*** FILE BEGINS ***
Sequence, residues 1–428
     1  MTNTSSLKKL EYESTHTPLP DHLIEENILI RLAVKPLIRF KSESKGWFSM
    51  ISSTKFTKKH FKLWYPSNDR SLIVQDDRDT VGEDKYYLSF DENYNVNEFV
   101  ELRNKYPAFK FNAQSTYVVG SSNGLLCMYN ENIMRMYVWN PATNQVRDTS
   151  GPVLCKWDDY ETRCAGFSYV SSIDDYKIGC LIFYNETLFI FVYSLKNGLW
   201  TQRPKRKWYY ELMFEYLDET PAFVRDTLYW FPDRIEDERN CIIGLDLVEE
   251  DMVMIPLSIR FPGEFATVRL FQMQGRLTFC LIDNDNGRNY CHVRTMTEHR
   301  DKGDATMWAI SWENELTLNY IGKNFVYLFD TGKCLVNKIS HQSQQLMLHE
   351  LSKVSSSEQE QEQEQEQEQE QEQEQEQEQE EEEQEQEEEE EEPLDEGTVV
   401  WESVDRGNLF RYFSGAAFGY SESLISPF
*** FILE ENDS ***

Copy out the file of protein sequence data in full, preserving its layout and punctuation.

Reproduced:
Sequence, residues 1–428
     1  MTNTSSLKKL EYESTHTPLP DHLIEENILI RLAVKPLIRF KSESKGWFSM
    51  ISSTKFTKKH FKLWYPSNDR SLIVQDDRDT VGEDKYYLSF DENYNVNEFV
   101  ELRNKYPAFK FNAQSTYVVG SSNGLLCMYN ENIMRMYVWN PATNQVRDTS
   151  GPVLCKWDDY ETRCAGFSYV SSIDDYKIGC LIFYNETLFI FVYSLKNGLW
   201  TQRPKRKWYY ELMFEYLDET PAFVRDTLYW FPDRIEDERN CIIGLDLVEE
   251  DMVMIPLSIR FPGEFATVRL FQMQGRLTFC LIDNDNGRNY CHVRTMTEHR
   301  DKGDATMWAI SWENELTLNY IGKNFVYLFD TGKCLVNKIS HQSQQLMLHE
   351  LSKVSSSEQE QEQEQEQEQE QEQEQEQEQE EEEQEQEEEE EEPLDEGTVV
   401  WESVDRGNLF RYFSGAAFGY SESLISPF